Christ Died for … ?


When I was young, I thought it was clear who Jesus Christ died for. In fact, most of my adult life, it never crossed my mind that this was a controversial subject. Rather, it was fact … that some believed and others did not.

But the world of the internet has put me in touch with lots more people, and suddenly the things I thought were clear, plain, easily understood from Scripture, I now realize don’t appear the same to everyone. Some professing Christians believe one thing and others believe a quite different thing, all based on the Bible. 😕

When it comes to some topics, I don’t think it’s all that surprising that Christians hold differing positions, simply because the Bible isn’t all that clear. End times comes to mind as a topic that can stir debate. Some have studied prophesies in the Old and New Testaments and believe they can create a time line, with the only missing piece the actual date of Christ’s return to rapture His church. Others don’t even think there will be a rapture. And among those who do, there is disagreement as to whether this will occur before, during, or after the Great Tribulation.

And so it goes. Other topics that generate similar disagreements are creation, the ecstatic gifts of the Spirit, church government, baptism … on and on.

But to the question at hand, Who did Christ die for? Isn’t that sort of … the foundation of what it means to be a Christian? So how can there be debate about this question? But there is.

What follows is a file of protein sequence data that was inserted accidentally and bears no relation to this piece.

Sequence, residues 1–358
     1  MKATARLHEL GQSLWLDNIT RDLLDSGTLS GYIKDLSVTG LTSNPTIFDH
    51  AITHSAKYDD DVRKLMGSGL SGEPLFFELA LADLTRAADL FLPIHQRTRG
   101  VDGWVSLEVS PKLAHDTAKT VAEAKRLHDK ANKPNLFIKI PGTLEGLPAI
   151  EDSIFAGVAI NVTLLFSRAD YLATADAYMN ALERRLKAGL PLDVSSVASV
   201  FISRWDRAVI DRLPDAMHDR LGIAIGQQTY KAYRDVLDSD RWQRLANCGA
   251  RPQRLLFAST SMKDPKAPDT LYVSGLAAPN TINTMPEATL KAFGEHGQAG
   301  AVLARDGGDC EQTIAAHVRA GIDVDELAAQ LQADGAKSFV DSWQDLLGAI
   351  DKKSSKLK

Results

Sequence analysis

Here are the positions I’m aware of (doesn’t mean there aren’t more):
1. Christ died for the whole world—literally, which means that no one will go to Hell (the view espoused by The Shack and Rob Bell’s Love Wins and the like).

2. Christ died for the whole world—literally, which means that Man’s sin nature has been forgiven, but he will be judged for the specific sins he commits. The sins of believers are covered by the blood of Christ, and the sins of unbelievers bring judgment upon them.

3. Christ died for the elect, those He predestined to be His from the foundations of the world.

4. Christ died for the whole world, but only those who believe in Him appropriate forgiveness.

5. Christ died for the whole world, but only those who believe in Him, chosen from the foundations of the world, appropriate forgiveness.

The latter is my view, and the more I study Scripture, the more I believe it to be true. This position, as I see it, takes into account all of Scripture, not just a handful of proof texts. But I did come across a verse, one of a number, that shows this tension between God’s work—through His predestination and redemption—and Man’s faith.